The Best New Superfoods
It has more protein and less sugar than yogurt, but with the same creamy texture, tangy taste, and probiotics. These healthy bacteria are a known immune enhancer, and may protect against colon cancer, says Tamara Freuman, R.D.
Try it: Instead of yogurt in salad dressings or smoothies. Plain kefir is in the dairy aisle, but Lifeway also makes a dessert-ready frozen variety.
One tablespoon of these nutty-tasting edible seeds has as much fiber as a bowl of oatmeal, plus bone-building calcium and heart-healthy omega-3s. Chia is also a good source of iron, which many women don’t get enough of, notes Freuman.
Try it: On cereal, salads, and soups, or use it to thicken puddings and stir-fries. (The seeds absorb liquid and acquire a gel-like texture.) Available at natural grocery stores.
Three-day-old broccoli plants may contain up to 50 times more of the anticancer agent sulforaphane than mature stalks– but without the pungent taste, says Kate Geagan, R.D., author of Go Green Get Lean.
Try them: On sandwiches, wraps, pizza, baked potatoes, stews, stir-fries, tacos, and just about anything else you can think of. Pick some up at your grocery store or local farmers’ market.
A possible anti-breast-cancer crusader, kelp is loaded with vitamin K, calcium, and other essential nutrients. And its natural alginate fiber may help block fat, says nutritionist Christine Avanti.
Try it: In powdered form, mixed into meatballs and soups; use sheets (kombu) as uber-low-cal wrappers. Some specialty stores carry Sea Tangle Kelp Noodles (kelpnoodles.com), which have just six calories per serving!
This slightly sweet and crunchy root veggie stars inulin, a belly-flattening fiber that acts as a prebiotic to promote helpful bacteria in the gut. It’s also an excellent source of vitamin C, which may boost collagen and fight wrinkles.
Try it: Cooked or raw in slaws, stir-fries, tacos, and salads, or tossed in lime juice and sprinkled with chili powder. Find it at farmers’ markets or Mexican groceries.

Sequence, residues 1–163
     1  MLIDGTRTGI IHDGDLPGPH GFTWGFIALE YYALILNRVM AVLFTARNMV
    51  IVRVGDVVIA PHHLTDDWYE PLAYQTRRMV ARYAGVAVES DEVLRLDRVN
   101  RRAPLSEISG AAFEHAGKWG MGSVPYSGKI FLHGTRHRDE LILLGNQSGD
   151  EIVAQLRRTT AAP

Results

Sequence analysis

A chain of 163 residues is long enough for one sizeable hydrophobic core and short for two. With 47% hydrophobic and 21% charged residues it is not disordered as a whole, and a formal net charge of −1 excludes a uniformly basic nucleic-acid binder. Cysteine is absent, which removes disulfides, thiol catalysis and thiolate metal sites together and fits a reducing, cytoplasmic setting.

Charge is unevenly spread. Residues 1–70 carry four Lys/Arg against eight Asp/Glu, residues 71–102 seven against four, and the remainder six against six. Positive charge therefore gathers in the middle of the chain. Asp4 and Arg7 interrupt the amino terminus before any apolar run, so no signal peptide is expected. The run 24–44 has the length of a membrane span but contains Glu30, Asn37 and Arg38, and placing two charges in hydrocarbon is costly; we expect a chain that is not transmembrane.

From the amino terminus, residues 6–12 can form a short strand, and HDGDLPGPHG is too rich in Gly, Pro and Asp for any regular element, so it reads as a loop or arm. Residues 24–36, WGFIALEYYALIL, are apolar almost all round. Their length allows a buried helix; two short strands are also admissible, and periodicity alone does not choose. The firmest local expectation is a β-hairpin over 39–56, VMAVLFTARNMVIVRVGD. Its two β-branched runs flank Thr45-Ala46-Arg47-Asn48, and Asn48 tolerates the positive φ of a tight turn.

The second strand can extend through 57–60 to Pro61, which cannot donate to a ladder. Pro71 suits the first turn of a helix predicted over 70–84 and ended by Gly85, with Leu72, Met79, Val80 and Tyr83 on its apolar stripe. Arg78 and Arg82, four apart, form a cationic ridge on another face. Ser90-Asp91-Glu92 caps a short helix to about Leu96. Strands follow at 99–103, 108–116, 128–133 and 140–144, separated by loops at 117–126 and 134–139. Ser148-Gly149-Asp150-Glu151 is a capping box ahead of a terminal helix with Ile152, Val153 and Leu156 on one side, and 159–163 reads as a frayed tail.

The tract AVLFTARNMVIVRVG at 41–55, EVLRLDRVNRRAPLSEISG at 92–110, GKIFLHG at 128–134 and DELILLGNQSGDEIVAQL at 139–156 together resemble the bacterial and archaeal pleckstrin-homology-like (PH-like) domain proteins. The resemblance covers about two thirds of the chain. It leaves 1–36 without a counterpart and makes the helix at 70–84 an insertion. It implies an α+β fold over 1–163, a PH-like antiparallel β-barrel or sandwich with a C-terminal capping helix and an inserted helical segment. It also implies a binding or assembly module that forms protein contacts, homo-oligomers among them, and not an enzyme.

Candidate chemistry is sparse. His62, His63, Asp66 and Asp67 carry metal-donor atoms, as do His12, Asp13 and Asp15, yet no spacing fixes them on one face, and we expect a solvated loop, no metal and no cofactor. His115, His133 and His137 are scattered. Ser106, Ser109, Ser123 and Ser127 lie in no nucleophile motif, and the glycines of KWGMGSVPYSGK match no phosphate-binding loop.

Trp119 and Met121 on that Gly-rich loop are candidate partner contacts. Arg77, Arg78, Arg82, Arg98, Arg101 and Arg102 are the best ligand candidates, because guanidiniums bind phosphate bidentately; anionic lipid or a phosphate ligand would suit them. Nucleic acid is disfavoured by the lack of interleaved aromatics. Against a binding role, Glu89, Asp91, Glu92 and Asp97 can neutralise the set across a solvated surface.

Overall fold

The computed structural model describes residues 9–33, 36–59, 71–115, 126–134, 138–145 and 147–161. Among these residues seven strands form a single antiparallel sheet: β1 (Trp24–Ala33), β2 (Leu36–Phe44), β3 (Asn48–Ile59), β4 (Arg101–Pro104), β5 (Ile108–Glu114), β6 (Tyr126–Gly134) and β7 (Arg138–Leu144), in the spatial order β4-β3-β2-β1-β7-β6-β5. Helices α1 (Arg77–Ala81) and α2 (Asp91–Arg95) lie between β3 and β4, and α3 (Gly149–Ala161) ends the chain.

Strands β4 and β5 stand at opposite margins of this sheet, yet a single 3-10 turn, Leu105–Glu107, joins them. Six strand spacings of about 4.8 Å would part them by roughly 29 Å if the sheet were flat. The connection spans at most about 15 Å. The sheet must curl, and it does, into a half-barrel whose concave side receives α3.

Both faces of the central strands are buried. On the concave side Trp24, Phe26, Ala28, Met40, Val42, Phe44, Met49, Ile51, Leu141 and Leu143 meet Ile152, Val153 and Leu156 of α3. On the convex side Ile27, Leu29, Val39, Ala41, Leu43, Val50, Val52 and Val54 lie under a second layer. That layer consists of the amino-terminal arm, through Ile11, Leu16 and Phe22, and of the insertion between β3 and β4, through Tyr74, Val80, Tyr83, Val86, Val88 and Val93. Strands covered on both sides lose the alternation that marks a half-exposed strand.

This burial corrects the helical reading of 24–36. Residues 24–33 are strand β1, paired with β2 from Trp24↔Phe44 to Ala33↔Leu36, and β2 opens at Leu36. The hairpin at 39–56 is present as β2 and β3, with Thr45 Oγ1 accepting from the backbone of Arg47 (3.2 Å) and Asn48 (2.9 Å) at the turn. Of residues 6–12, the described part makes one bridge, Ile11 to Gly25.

This sweet, nutty supergrain is rich in niacin (for healthy hair and skin) and cancer-fighting lignans. Plus, “the soluble fiber keeps your cholesterol levels healthy, cutting your risk for heart disease,” says Geagan.
Try it: In place of pasta, rice, or oatmeal. Or swap Bob’s Red Mill Whole Grain Barley Flour (bobsredmill.com) for up to a third of the flour in baked goods. Both are available at regular grocery stores.
Fermentation gives this garlic its sweet, clove-and-caramel flavor and concentrates its natural antioxidants to nearly double that of a raw bulb. These compounds help lower cholesterol and can help decrease cancer risk, says Janet Helm, R.D., of NutritionUnplugged.com. And the black stuff comes with no nasty breath!
Try it: In fondue, sauces, pizza, and, believe it or not, cookies, brownies, and cakes. Order some at blackgarlic.com.
A single serving of these cheese-like flakes has an incredible nine grams of satiating protein and provides more than your RDA of B vitamins to help boost energy, squash stress, and decrease your risk for chronic diseases.
Try it: As a dairy-free sub for Parmesan on popcorn, potatoes, pasta, or scrambled eggs. You can find this yeast in specialty markets or health-food stores.
from: Women’s Health Magazine